Changing PC landscape brings opportunity

AT first sight, IBM's decision to merge its PC operation with China's Lenovo might not seem like a major story for Reseller News.

AT first sight, IBM’s decision to merge its PC operation with China’s Lenovo might not seem like a major story for Reseller News.

After all, the days when the channel revolved around selling desktop hardware are long gone.

Over the past decade or so, what was once a lucrative business has been hit by a double whammy of ever-thinner margins and lower overall price tags. These days all you get when you sell a PC is a measly few percent of bugger all.

The IBM-Lenovo deal is just one in a series of recent events that has seen the PC market landscape tilt in a new, potentially more competitive, direction.

None of these developments mean we’re about to see substantially higher margins or a healthy leap in overall system ticket prices, but change brings opportunity.

For IBM, the most obvious opportunity is an improved balance sheet.

Although the company has been doing just fine in recent years, it turns out IBM’s PC business was haemorrhaging cash. By the time the Lenovo deal was announced, the accumulated deficit had reached more than US$1 billion.

In effect, IBM bailed out of a loss-making market where there’s no ob-vious upside in sight, in order to focus its capital, collective intellect and marketing energies on more lucrative products and market sectors.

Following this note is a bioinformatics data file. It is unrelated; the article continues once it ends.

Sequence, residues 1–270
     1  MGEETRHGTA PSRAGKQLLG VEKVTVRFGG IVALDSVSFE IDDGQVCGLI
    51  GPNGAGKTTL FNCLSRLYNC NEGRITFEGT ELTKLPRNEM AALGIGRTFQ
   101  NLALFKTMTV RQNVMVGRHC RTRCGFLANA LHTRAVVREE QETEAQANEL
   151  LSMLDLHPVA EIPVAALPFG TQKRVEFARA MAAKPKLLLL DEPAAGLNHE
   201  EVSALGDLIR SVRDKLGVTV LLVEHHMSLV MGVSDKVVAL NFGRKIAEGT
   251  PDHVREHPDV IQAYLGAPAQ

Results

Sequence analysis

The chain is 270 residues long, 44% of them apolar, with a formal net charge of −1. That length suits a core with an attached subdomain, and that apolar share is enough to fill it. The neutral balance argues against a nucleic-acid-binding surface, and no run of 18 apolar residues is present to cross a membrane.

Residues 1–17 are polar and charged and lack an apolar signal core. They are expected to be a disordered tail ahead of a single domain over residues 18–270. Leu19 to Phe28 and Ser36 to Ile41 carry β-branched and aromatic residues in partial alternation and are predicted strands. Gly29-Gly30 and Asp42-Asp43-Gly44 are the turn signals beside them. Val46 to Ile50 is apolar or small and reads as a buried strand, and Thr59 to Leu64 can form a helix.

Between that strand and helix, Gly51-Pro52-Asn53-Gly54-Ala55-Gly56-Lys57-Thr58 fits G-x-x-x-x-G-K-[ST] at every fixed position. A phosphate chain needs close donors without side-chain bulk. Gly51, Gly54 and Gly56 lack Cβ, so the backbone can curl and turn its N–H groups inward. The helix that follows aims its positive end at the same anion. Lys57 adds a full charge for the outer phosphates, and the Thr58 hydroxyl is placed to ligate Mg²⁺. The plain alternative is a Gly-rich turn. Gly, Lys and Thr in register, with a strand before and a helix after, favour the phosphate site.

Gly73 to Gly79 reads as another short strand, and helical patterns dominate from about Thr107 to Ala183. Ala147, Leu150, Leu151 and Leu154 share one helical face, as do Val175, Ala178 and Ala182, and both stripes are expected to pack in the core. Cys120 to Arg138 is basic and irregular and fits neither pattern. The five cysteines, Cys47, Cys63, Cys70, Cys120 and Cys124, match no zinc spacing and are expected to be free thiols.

For example, the company’s technically impressive line of server products remains profitable and the gross margins on its consulting business are substantial.

The company’s business partners stand to make more money from these activities than from shifting PC boxes.

One interesting and plausible theory suggests the reason the company cut a deal with Chinese government-owned Lenovo rather than, say, Hewlett-

Packard, was in order to build a stronger base in what will soon be the world’s largest market for computer products and services.

Some people in the industry have painted IBM’s withdrawal from the PC business as a defeat. That’s rubbish. As far as shareholders are concerned, the decision was a triumph. Getting rid of the low-margin, no-margin PC millstone allows IBM’s growing, financially rewarding divisions to flourish.

Incidentally, IBM’s move is almost the mirror-image of what Hewlett-Packard did when it acquired Compaq. That US$19 billion transaction saw a healthy company with relatively high gross margins bulk up by shackling itself to a failing low-margin competitor.

At the time, HP’s leadership justified the acquisition as an effort to create a PC powerhouse large enough to slow Dell Computer’s relentless advance.

That merger went well from an integration point of view and HP picked up some great technologies. On the whole the products are good. However, although HP is now the clear number two in terms of PC sales, its strategy did not succeed.

Since the takeover, Dell has widened its lead over the combined companies.

Moreover, HP’s PC division now has an officially reported operating margin of less than one percent. In reality it’s probably losing money. Analysts say this is unlikely to improve anytime soon. It’s that same few percent of bugger all, but on a grander scale.